Making presentations interactive should not be hard to achieve for your upcoming business pitch. Let us share with you a few tricks and ideas on how to make presentations interactive with your audience.
Why make presentations interactive?
Understanding why we do something is a great way to ensure innovative ideas flow in our brains as to how to best achieve a goal. Therefore, let’s start off with the reason why anyone would like to make of their presentation an event where the audience gets to have a say in what is happening in the room.
Interactive presentations bear the purpose of engagement. By getting an audience involved in what we’re saying or what we’re doing up on stage, we ensure the people we want to impact are actually present with us and that they’re following what we’re saying. This is how we make sure our time spent pitching an idea is not gone to waste on distractions, such as an audience checking their email and messages on their phones or even plain outright falling asleep!
Make the audience a part of your story
You know how effective storytelling in pitch deck presentations can be? Storytelling is a legendary oral art that has long worked to keep audiences attracted to whatever a person is sharing. This is no different for our current day business presentations.
Use storytelling to engage an audience, but also to interact with them. Make the people around you a part of your story by working on your presentation’s plot. If you keep your climax where ideal, people will stick with you until you give them the conflict resolution, for example.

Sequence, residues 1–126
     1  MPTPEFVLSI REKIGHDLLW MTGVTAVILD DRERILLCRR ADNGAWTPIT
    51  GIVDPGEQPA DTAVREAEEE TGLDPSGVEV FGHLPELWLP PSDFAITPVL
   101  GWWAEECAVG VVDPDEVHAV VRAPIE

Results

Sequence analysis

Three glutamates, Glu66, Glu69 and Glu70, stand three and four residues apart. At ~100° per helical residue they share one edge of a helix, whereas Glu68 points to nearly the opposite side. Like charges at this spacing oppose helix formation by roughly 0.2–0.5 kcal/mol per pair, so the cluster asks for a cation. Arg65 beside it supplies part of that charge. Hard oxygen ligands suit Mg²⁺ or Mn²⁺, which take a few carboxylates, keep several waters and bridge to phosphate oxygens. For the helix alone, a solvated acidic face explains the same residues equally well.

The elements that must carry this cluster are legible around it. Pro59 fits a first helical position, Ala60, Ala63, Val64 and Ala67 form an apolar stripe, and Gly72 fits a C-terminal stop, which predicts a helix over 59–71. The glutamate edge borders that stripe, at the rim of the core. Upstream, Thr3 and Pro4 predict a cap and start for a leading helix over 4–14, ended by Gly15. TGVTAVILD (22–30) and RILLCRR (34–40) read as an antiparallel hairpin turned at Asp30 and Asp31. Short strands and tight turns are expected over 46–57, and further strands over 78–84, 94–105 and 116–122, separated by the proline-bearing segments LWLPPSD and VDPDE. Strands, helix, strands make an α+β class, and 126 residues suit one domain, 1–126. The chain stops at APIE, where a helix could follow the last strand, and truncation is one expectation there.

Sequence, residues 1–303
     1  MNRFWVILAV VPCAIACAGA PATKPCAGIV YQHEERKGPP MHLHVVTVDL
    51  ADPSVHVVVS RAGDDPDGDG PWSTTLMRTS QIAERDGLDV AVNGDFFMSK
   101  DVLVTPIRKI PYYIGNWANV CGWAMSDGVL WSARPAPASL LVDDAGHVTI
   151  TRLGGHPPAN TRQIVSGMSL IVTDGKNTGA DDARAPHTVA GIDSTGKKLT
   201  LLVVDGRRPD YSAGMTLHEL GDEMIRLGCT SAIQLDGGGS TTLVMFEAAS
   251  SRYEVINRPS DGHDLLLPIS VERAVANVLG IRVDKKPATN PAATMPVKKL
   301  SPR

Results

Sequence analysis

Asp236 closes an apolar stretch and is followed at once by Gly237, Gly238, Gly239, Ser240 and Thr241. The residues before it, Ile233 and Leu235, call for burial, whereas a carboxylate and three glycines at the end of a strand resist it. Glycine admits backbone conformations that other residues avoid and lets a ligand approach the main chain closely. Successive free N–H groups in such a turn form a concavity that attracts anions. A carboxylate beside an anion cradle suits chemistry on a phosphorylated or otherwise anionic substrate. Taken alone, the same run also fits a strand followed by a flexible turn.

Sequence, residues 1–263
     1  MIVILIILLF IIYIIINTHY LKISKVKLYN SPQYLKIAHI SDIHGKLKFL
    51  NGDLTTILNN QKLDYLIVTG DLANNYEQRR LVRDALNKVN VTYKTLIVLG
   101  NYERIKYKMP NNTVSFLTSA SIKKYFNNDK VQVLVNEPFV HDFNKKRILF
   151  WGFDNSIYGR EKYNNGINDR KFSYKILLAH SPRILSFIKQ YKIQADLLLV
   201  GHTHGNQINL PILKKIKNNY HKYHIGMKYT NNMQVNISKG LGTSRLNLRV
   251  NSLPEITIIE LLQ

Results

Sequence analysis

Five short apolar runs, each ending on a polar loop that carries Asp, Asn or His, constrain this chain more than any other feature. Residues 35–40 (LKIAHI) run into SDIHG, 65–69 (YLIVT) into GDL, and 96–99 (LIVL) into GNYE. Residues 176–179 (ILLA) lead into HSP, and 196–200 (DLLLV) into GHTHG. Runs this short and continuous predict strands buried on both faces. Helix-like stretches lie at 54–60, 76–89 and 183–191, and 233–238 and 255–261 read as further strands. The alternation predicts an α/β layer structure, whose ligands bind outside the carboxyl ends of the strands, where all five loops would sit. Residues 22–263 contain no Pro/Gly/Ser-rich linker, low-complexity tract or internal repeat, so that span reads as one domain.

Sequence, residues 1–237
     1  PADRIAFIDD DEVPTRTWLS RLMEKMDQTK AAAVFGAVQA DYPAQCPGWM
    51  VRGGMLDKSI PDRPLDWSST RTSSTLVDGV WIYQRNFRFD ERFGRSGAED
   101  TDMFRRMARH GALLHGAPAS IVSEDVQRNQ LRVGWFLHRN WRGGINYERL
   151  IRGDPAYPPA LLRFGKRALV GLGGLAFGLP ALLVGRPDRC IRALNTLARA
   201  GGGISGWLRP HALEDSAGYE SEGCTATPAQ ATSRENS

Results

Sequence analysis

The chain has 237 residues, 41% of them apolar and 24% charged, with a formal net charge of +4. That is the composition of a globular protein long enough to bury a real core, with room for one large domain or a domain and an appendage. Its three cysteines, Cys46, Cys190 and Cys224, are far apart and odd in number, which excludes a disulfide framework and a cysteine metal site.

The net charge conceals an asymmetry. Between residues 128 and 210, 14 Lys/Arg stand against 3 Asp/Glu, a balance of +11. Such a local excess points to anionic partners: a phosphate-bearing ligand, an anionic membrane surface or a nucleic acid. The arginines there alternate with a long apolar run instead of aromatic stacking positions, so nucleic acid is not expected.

So give your audience bits and pieces of an unresolved plot and you will find them interacting with you until they find their release; that is, the end of your story.
Think of openings as ice breakers
We sometimes struggle trying to come up with the perfect hook to a business presentation. Think of your presentation start as a time to break the ice with your audience.
For business pitches, you should be able to outline your entire startup’s concept, problem and solution, its traction, market insertion and more in a matter of five minutes. Therefore, it is less common to engage in ice-breaking activities per se within those time restrictions. However, there are settings where presentations can have an ice-breaking exercise as a perfectly admissible start. There are plenty of occasions when that is even enjoyable.